[Job opening] PhD and Master positions in GIScience and GeoAI

Dr. Liping Yang is offering two (1 Ph.D. and 1 Master) funded, full-time graduate scholarships in geospatial data science and geospatial artificial intelligence. Particular topics of interest include

    • Novel methods for analyzing structured and unstructured geospatial data (such as text and images),
    • Information and image retrieval for geographic and historical data,
    • Exploratory search user interfaces powered by computer vision
      and machine learning,
    • Artificial intelligence for geographic knowledge discovery,
    • Spatial representation and reasoning.

Enthusiastic candidates with interests related to these topics are highly encouraged to apply; working experience with at least one programming language (Python, Java, C/C++, JavaScript etc.) is a prerequisite for the positions, but the most important quality is a desire to do creative original research at the intersection of GIScience, computer science, and mathematics.

Students working with Dr. Liping Yang, will have great opportunities for summer interns and/or graduate assistantships at Los Alamos National Laboratory (LANL); after graduation (with proper qualification), can be recommended to work at LANL.

To apply and for more Ph.D. and M.S. positions in GIScience and geography available at the Department of
Geography and Environmental Studies at the University of New Mexico, please check out the PDF here.

Note that Application Deadlines for Fall Admissions:

MS:  February 1 (check here)

PhD:  January 15 (check here)

We look forward to reviewing your applications!

Liping Yang

Postdoctoral Research Associate

Information Sciences group

Los Alamos National Laboratory

 

Assistant Professor of Geographic Information Science  (starting January 2020)

Department of Geography and Environmental Studies

University of New Mexico

 

email: liping.yang@lanl.gov & lipingyang@unm.edu

web: http://www.lipingyang.org/

research blog: http://deeplearning.lipingyang.org/

[Paper published] Novel representation and method for effective zigzag noise denoising

Annoyed by  persistent zigzag noises that cannot be removed after trying many existing denoising methods and techniques?

Check out our newly published ICCV 2019 SGRL paper (SGRL page on CVF) [A PDF of the paper can be found at the CVF website  or HERE] for a novel image representation and method, along with algorithms built upon the representation, for effective denoising of such types of zigzag noises introduced by the digitizing process such as scanning. This type of noise is very common in scanned documents, as well as in some images such as roads with worn road markings.

 

 

 

Check out this page for Liping’s more publications.

 

[Job opening] Outstanding postdoc position for Computer vision and machine learning

I recently received an exciting research grant in computer vision and machine learning. We have an outstanding postdoctoral research associate position. Check the link below for how to apply. We are looking forward to your application.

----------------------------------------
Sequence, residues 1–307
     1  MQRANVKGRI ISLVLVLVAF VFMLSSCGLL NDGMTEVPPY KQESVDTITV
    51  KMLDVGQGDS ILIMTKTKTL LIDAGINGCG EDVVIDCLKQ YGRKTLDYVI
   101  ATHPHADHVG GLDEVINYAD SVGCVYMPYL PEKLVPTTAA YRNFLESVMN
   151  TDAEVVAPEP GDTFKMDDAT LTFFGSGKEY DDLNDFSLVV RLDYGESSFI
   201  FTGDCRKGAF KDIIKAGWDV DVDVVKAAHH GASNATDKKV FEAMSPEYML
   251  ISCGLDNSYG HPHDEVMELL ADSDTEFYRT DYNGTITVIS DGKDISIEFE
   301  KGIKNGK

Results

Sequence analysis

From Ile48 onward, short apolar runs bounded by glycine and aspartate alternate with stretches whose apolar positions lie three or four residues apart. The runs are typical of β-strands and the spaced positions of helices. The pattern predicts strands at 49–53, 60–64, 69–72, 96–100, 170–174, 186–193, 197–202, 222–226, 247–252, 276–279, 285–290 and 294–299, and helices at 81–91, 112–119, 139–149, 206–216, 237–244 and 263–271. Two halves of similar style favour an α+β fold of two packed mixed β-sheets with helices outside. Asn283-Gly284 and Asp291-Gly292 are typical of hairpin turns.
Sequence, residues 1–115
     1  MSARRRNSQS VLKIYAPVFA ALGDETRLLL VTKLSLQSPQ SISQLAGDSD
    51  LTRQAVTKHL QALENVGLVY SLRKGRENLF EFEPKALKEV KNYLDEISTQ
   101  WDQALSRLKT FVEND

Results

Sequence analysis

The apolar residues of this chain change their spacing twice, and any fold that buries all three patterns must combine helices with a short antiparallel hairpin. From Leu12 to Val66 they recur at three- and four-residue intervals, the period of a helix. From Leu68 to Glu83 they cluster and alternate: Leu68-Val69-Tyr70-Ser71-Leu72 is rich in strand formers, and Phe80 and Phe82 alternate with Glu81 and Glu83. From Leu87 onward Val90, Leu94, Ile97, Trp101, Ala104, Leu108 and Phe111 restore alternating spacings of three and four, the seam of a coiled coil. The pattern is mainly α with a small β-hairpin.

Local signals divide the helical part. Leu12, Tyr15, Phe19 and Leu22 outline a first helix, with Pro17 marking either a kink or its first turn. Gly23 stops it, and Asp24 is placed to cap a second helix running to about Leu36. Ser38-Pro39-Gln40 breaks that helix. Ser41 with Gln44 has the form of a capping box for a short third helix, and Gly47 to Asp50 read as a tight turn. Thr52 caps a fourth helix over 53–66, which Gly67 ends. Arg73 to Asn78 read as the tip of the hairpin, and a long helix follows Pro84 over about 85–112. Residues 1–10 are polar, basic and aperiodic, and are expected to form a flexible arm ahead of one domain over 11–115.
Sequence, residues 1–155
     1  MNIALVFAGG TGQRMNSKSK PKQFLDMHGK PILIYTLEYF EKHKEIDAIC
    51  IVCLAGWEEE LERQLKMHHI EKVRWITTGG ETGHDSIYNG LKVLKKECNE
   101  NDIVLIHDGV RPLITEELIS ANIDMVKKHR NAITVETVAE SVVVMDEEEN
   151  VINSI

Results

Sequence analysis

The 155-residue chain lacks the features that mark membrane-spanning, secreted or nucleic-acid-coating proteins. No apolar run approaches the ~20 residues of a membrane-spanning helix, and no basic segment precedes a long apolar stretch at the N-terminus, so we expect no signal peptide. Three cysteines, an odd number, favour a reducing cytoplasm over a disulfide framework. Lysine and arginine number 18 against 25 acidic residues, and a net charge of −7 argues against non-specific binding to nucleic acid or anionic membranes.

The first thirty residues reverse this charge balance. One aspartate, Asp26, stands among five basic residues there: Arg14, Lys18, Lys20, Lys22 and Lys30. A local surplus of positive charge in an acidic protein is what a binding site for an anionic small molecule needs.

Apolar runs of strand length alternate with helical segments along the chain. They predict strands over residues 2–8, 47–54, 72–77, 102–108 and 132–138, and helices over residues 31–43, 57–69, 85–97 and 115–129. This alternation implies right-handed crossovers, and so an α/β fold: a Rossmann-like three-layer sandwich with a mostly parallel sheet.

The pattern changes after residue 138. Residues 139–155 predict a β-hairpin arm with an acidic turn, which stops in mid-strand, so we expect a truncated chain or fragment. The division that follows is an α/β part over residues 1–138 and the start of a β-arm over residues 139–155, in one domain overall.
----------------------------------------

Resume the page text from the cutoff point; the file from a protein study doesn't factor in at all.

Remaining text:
See HERE on LinkedIn or HERE at LANL website (PDF here if it is not retrievable).

 

 

[Paper published] Check out our new paper for image classification with great results using only small sets of training data

Do you have great idea(s) using machine learning but stopped by the fact that you do not have enough training (image) data? Check out our newly accepted KDD workshop paper for a novel solution.

New KDD 2019 MLG (the 15th International Workshop on Mining and Learning with Graphs) Workshop  paper for computer vision and image analysis led by Liping has been accepted:

Image classification using topological features automatically extracted from graph representation of images

A PDF of the paper can be found at the Workshop website or HERE

BibTeX Entry:

@inproceedings{mlg2019_7,
title={Image classification using topological features automatically extracted from graph representation of images},
author={Yang, Liping and Oyen, Diane and Wohlberg, Brendt},
booktitle={Proceedings of the 15th International Workshop on Mining and Learning with Graphs (MLG)},
year={2019}
}

 

Check out this page for Liping’s more publications.

 

[Paper published] Check out our new computer vision and image analysis paper for skeleton extraction

New CVPR 2019 Workshop paper for computer vision and image analysis led by Liping has been published:

A Novel Algorithm for Skeleton Extraction From Images Using Topological Graph Analysis. 

A PDF of the paper can be found HERE. (Check HERE if it is not retrievable on the http://openaccess.thecvf.com) [Acceptance rate < 10/32 = 31.25%]

4. Yang, L. and Worboys, M. Generation of navigation graphs for indoor space. International Journal of Geographical Information Science, 29(10): 1737-1756, 2015. [Click here (PDF) to download a draft of this paper]

 

Check out this page for Liping’s more publications.

[Paper published] Check out our new (deep) machine learning paper for flood detection

New machine/deep learning paper led by Liping: Analysis of remote sensing imagery for disaster assessment using deep learning: a case study of flooding event

A full-text view-only version of the paper can be found via the link: https://rdcu.be/bpUvx.

 

Check out this page for Liping’s more publications.

 

Conda commands (create virtual environments for python with conda)